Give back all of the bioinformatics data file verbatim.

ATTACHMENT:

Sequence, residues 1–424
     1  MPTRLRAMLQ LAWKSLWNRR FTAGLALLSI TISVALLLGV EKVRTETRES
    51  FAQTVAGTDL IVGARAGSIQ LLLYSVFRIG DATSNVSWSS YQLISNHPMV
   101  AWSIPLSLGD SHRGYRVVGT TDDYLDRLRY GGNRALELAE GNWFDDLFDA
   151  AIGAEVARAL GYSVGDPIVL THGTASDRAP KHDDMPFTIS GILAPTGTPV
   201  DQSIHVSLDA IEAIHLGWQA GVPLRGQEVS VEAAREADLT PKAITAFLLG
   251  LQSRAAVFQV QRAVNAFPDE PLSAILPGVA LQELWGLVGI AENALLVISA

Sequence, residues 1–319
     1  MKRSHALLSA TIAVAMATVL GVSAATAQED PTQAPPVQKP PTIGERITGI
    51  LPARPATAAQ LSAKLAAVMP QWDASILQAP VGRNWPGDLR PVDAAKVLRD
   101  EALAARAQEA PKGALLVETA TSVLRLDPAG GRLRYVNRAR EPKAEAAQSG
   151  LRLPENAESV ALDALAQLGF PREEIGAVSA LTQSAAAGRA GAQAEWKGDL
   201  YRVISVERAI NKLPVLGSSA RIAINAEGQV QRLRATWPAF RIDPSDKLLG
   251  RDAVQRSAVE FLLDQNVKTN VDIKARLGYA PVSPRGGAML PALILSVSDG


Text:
Sequence, residues 1–424
     1  MPTRLRAMLQ LAWKSLWNRR FTAGLALLSI TISVALLLGV EKVRTETRES
    51  FAQTVAGTDL IVGARAGSIQ LLLYSVFRIG DATSNVSWSS YQLISNHPMV
   101  AWSIPLSLGD SHRGYRVVGT TDDYLDRLRY GGNRALELAE GNWFDDLFDA
   151  AIGAEVARAL GYSVGDPIVL THGTASDRAP KHDDMPFTIS GILAPTGTPV
   201  DQSIHVSLDA IEAIHLGWQA GVPLRGQEVS VEAAREADLT PKAITAFLLG
   251  LQSRAAVFQV QRAVNAFPDE PLSAILPGVA LQELWGLVGI AENALLVISA

Sequence, residues 1–319
     1  MKRSHALLSA TIAVAMATVL GVSAATAQED PTQAPPVQKP PTIGERITGI
    51  LPARPATAAQ LSAKLAAVMP QWDASILQAP VGRNWPGDLR PVDAAKVLRD
   101  EALAARAQEA PKGALLVETA TSVLRLDPAG GRLRYVNRAR EPKAEAAQSG
   151  LRLPENAESV ALDALAQLGF PREEIGAVSA LTQSAAAGRA GAQAEWKGDL
   201  YRVISVERAI NKLPVLGSSA RIAINAEGQV QRLRATWPAF RIDPSDKLLG
   251  RDAVQRSAVE FLLDQNVKTN VDIKARLGYA PVSPRGGAML PALILSVSDG